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The ramifications of this lawsuit extend far beyond Tennessee and the parties involved.At least a dozen states require casket retailers to become licensed as funeral directors or embalmers.1 No legitimate health or safety concerns justify this requirement.For many of these occupations, from shorthand reporter to fence installer, the rationale for licensing is non-existent.
By forcing the public to purchase caskets at significantly inflated prices charged by funeral homes, the licensing requirements enrich the funeral home cartel while taking advantage of consumers at their most vulnerable moments.
Thus, the monopoly allows the homes to receive, as one analyst put it, “full-time pay for part-time work.”15 These high prices affect all Americans, but hit some harder than others.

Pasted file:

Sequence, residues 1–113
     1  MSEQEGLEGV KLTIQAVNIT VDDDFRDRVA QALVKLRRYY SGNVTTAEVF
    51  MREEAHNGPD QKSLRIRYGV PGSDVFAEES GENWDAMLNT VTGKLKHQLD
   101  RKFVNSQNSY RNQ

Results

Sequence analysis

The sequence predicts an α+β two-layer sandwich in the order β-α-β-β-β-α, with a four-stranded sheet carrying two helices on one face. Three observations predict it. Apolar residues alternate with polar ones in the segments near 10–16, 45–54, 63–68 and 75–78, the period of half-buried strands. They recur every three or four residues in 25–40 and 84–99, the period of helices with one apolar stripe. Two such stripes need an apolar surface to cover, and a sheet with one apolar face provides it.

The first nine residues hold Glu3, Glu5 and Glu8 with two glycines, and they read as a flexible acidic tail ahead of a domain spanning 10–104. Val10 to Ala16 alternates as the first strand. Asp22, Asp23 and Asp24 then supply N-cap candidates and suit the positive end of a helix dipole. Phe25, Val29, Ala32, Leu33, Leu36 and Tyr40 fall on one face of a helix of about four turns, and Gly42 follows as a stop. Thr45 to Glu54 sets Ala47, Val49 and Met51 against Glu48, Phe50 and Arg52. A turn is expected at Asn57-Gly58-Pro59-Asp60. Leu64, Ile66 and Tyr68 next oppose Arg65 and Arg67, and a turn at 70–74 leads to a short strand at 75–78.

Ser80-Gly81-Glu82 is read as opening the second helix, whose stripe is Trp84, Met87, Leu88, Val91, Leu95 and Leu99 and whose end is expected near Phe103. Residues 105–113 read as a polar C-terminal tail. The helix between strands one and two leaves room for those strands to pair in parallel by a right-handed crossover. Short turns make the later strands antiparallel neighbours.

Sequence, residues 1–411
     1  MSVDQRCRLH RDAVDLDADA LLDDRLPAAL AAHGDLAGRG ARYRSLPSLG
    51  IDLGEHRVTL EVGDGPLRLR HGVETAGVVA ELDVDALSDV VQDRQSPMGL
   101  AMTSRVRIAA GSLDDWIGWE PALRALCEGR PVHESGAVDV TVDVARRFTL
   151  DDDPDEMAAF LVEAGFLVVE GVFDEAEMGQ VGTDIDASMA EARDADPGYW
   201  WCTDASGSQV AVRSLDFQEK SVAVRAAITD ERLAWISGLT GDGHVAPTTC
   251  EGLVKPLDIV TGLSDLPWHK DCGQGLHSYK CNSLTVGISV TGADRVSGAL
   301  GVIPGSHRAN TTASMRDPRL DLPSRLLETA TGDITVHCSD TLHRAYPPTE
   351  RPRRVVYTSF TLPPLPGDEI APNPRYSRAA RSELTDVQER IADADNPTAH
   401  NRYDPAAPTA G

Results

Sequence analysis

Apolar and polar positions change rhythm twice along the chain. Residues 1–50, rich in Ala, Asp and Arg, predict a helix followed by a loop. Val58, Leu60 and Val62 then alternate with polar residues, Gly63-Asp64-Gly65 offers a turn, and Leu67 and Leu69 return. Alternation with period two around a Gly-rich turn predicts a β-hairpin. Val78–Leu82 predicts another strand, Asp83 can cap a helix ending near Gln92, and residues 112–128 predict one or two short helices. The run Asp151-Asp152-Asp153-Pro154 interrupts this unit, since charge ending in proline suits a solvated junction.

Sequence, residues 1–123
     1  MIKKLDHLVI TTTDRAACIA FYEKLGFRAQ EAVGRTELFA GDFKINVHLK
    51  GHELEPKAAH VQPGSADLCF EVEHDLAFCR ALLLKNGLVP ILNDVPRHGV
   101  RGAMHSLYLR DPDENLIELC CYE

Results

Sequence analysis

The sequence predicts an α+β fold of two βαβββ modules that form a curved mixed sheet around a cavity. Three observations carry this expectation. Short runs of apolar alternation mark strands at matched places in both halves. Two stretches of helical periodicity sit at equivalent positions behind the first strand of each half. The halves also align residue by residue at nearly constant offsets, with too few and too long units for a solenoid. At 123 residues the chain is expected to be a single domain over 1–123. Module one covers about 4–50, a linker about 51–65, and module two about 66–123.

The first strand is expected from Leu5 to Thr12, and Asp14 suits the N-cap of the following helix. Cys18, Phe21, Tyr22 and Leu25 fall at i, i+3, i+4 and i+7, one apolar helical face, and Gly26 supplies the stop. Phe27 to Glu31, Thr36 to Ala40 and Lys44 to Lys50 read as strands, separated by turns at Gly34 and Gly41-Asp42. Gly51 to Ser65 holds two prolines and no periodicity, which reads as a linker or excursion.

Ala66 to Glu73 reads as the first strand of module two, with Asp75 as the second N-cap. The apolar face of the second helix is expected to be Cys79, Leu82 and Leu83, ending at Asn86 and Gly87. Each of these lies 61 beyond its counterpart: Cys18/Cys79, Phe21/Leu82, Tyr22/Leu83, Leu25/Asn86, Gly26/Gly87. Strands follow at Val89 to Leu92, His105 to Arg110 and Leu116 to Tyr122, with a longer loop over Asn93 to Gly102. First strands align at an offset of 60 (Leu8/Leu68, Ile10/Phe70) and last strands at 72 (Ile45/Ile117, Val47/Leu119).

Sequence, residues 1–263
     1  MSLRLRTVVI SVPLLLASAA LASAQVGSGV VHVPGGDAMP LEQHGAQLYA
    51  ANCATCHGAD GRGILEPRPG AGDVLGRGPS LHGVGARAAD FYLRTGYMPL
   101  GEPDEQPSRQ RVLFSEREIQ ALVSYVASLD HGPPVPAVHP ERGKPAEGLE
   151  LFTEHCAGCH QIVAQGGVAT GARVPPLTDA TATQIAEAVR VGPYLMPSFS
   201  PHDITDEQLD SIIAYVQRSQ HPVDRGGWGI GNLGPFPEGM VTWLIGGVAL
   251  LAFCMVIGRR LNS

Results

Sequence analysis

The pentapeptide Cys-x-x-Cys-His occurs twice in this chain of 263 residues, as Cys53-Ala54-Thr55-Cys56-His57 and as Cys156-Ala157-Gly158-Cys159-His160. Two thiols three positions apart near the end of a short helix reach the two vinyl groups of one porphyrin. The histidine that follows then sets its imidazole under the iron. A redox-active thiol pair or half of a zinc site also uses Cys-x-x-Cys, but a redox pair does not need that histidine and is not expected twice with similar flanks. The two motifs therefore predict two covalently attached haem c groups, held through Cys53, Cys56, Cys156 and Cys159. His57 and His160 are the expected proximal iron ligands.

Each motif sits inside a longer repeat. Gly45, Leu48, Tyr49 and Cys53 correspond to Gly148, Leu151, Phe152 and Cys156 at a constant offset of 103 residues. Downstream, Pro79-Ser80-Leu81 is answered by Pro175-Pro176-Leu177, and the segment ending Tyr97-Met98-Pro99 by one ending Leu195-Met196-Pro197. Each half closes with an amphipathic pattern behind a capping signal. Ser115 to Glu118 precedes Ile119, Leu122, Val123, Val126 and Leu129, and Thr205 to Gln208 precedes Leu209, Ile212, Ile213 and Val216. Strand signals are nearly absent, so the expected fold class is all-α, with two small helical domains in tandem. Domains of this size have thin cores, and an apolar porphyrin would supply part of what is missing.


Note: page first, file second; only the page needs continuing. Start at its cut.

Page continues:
For example, cremations are becoming more and more popular among white Protestants, and are expected to account for over 40 percent of all such funeral services by 2010.16 In contrast, Catholics and ethnic minorities favor traditional funerals, and are more impacted by higher casket prices.
This case takes on additional constitutional significance because it is one of the first to urge the court to protect the right to earn an honest living through the Privileges or Immunities Clause of the Fourteenth Amendment since the U. Most important is the vulnerable position of consumers.
Decisions about funerals for loved ones are made in the midst of grief, discomfort, and sometimes guilt.